The Canadian Jeiwsh News

Saturday, July 4, 2015

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Nir Bareket celebrates 50 years with gallery exhibit

Tags: Arts
Nir Bareket

Whether it is the intensity of a look, the sparseness of a stage, or the drama of a gesture, Nir Bareket’s photographs don’t just capture the facts of the moment, but they also capture its wonder.            

The Market Gallery presents an exhibition entitled Nir Bareket: My Eyes Have Seen. Celebrating 50 years of Photography. The exhibit features photographs from the Bareket collection, the City of Toronto Archives, and the Ontario Jewish Archives Blankenstein Family Heritage Centre (OJA). 

The wide-ranging photographs features images from various series:  Theatre in Toronto (1976-2003); The Don Jail (1978-1987); The Amsterdam Calendar (1978); The Toronto Calendar (1981); The Homeless in Toronto (1982-2004); and The March of the Living (1994).

“What I find amazing is not just the individual photos, but the breadth of the portfolio. For five decades, Bareket has been photographing theatre in New York City, in Jerusalem and in Toronto, capturing moment after moment. The photographs provide evidence that these plays existed, that they happened at all, keeping for posterity the magic of theatre,” said Michael Wallace, executive director, Theatre Museum Canada.

Bareket was commissioned in 1994 by March of the Living to document the trip. These photographs, now part of the collection of the OJA, include images of participants visiting Jewish cemeteries, the Jewish ghetto in Krakow, and the concentration camps in Poland. 

“In Bareket’s photographs, one feels the bleak coldness of the landscape. The horror and despair that occurred there is visceral, and is evident in these haunting photographs,” says Dara Solomon, director of the OJA.

“And yet, the faces of the students, though filled with anguish, provide a light – a youthful warmth – hope. The brilliance in Bareket’s approach is his ability to maintain both the invisibility of a journalist and the eye of the artist – capturing the beauty of these grief-filled moments,.”

The Amsterdam Calendar series comes from Bareket’s 1976-78 stay in the Dutch city representing Toronto in the Toronto Amsterdam Artist Exchange Program. Bareket created a portfolio of photographs based on the concept of the calendar. He photographed individual numbers from one to 31 to represent the days of the month. These numbers appeared on walls, doorways, signs, essentially anywhere that people lived and worked in Amsterdam.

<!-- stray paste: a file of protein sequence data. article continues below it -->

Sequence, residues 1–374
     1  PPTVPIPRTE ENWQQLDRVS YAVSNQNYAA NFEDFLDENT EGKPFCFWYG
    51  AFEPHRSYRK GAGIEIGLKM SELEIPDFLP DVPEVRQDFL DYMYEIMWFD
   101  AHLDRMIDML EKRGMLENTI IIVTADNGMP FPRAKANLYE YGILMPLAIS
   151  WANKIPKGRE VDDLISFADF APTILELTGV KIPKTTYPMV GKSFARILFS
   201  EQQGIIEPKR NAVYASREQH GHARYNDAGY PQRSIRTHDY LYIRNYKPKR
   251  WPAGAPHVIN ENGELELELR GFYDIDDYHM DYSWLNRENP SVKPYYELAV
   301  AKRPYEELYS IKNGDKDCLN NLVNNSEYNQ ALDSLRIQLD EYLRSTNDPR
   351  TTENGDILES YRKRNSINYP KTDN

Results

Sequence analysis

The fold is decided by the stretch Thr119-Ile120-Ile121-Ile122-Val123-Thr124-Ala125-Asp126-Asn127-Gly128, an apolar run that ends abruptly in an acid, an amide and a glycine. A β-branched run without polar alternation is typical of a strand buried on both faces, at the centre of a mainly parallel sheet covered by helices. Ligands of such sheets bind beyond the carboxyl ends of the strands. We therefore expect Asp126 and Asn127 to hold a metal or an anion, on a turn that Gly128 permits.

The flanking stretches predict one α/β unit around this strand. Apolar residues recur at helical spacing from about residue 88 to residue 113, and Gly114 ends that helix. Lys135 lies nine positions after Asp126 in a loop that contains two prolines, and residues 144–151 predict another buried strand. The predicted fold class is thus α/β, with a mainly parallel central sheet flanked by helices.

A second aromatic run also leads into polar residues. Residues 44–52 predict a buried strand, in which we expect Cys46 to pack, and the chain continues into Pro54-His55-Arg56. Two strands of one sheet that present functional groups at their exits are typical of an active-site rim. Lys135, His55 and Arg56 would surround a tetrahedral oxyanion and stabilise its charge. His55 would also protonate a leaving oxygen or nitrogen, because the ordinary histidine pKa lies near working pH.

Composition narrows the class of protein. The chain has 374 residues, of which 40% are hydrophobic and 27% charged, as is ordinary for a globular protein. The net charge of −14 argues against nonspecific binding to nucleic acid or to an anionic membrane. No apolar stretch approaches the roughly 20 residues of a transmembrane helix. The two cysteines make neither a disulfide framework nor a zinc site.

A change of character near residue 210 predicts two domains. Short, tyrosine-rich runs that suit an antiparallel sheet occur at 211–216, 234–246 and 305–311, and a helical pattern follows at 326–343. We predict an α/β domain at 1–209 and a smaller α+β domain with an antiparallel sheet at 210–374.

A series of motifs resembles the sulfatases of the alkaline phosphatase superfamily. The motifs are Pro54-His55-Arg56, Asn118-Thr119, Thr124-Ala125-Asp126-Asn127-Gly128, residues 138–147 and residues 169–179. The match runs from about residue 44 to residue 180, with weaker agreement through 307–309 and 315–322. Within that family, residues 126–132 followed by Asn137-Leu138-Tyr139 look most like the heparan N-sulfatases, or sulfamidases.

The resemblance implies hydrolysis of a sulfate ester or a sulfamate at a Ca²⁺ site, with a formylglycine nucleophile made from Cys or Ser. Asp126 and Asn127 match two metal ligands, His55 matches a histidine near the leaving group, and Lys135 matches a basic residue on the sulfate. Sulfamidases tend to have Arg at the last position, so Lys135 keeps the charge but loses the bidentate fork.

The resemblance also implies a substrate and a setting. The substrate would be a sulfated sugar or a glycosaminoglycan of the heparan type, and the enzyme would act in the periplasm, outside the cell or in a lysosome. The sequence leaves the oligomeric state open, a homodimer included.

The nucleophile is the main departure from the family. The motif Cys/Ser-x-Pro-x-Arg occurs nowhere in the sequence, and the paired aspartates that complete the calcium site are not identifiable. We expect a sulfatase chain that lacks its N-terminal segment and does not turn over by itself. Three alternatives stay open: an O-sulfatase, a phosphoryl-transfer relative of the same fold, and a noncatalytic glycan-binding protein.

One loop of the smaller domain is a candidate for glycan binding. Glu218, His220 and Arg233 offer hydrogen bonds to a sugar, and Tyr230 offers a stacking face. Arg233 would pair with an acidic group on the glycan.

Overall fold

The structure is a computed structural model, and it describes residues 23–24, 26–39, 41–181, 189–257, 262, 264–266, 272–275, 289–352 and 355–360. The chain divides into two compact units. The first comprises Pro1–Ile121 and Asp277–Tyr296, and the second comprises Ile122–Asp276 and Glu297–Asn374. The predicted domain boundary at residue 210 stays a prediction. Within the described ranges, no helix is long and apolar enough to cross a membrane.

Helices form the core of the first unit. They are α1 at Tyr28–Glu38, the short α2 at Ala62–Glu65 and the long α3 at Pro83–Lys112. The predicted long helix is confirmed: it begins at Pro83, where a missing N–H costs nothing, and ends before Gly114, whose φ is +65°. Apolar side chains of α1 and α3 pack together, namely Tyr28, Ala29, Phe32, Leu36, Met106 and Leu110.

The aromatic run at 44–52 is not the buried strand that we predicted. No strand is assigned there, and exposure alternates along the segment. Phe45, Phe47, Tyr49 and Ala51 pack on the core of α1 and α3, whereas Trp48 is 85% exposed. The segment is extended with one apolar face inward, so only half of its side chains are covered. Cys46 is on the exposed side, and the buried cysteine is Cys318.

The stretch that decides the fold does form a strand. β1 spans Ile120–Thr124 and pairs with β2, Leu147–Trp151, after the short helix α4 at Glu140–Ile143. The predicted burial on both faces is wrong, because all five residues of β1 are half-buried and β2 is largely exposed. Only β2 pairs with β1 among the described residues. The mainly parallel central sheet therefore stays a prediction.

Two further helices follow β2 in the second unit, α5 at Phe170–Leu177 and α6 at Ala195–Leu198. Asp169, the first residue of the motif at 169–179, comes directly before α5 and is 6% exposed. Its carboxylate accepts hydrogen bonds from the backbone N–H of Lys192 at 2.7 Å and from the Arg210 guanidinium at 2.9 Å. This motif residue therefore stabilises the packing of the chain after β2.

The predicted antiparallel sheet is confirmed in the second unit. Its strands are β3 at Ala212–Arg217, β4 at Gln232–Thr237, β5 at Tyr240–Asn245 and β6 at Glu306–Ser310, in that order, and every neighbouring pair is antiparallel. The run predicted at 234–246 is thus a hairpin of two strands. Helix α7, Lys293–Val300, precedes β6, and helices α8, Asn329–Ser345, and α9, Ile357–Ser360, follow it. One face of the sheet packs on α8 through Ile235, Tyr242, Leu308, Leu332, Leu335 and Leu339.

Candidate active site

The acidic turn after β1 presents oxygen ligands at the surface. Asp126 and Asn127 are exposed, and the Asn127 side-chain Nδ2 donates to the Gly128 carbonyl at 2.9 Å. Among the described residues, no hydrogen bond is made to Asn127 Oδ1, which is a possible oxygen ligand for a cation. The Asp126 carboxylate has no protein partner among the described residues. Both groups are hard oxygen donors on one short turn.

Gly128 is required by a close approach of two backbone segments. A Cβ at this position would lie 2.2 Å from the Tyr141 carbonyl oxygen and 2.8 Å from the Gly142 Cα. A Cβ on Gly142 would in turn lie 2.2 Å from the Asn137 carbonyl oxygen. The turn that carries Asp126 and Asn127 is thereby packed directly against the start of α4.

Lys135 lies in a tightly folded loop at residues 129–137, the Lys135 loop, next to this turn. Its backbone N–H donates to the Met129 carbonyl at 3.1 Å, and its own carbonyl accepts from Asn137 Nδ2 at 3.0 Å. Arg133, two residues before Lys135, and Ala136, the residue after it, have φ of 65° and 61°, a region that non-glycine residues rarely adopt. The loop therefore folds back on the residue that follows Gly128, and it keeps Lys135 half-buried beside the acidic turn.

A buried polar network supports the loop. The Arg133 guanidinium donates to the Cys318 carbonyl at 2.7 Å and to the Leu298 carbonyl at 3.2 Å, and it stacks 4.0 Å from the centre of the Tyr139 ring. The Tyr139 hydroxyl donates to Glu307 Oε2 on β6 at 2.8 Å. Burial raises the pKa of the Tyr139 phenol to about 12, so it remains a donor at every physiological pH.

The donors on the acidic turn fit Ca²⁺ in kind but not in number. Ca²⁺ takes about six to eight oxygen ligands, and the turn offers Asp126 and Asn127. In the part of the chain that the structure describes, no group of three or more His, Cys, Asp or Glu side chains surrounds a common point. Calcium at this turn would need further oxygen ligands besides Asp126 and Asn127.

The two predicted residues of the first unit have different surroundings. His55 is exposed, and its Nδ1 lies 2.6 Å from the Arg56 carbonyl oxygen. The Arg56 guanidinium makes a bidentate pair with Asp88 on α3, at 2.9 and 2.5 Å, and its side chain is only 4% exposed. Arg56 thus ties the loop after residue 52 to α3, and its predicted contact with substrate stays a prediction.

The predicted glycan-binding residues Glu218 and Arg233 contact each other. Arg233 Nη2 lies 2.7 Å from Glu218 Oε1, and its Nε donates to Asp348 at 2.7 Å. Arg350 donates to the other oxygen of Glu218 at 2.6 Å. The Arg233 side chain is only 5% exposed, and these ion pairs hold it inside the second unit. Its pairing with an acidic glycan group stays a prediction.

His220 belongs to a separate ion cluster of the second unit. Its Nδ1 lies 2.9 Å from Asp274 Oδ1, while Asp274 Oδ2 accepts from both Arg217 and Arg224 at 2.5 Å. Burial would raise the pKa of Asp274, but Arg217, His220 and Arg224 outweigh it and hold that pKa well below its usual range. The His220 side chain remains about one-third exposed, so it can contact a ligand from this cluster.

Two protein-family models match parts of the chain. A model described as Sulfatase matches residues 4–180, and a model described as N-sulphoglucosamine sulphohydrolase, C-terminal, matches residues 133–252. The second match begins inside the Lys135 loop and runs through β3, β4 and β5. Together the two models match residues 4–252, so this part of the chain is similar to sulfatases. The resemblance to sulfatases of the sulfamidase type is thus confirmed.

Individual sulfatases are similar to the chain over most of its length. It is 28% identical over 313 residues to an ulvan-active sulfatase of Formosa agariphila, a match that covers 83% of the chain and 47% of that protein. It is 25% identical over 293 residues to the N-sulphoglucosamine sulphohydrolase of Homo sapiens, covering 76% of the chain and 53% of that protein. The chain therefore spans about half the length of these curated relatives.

“Almost 35 years later, the archives acquired another calendar portfolio created by Nir Bareket, but in this case, the subject is Toronto, Bareket’s home,” said Michele Dale, City of Toronto Archives.

Bareket shot The Toronto Calendar series in 1981.

“Toronto is my city, and I like to think I know parts of it very well,” said Bareket.

The photographs of The Don Jail series became the first acquisition by the archives of the City of Toronto of work by a contemporary, living photographer. 

“Nir Bareket’s photos catch the essence of the mood of the jail:  sombre, severe, inhuman, without a soft edge. I was astounded when Nir first showed me his photos. They glowed with the jails’ powerful truth. Bareket’s photo of the jail’s main entrance hangs in my home. I contemplate it daily,” said John Sewell, former Mayor of Toronto.

Following studies at The New York Institute of Photography and the School of Visual Arts in New York City, Bareket worked as a commercial photographer in New York City, in Geneva, Switzerland, and spent three years as chief photographer for The Israel Museum in Jerusalem. Bareket settled in Toronto in 1975.

Bareket has had numerous solo exhibitions dating from 1966 to the present day, including public galleries in New York City, Israel, Stanford University and Toronto. Major public collections in the United States, Holland, Israel, and Canada include Bareket’s photographs.

More recently, Bareket has been focusing on social commentary – an attempt to capture elements of society most people tend to ignore.  Bareket dares us to look.

“During the last couple of decades, searching for meaning became my main focus. Now, after my first 50 years as a photographer, the search continues. Photography is not a sprint, it is a marathon,” said Bareket.


Nir Bareket: My Eyes Have Seen will be on display until July 19 at the St. Lawrence Market, 95 Front St. E. There is no admission fee.


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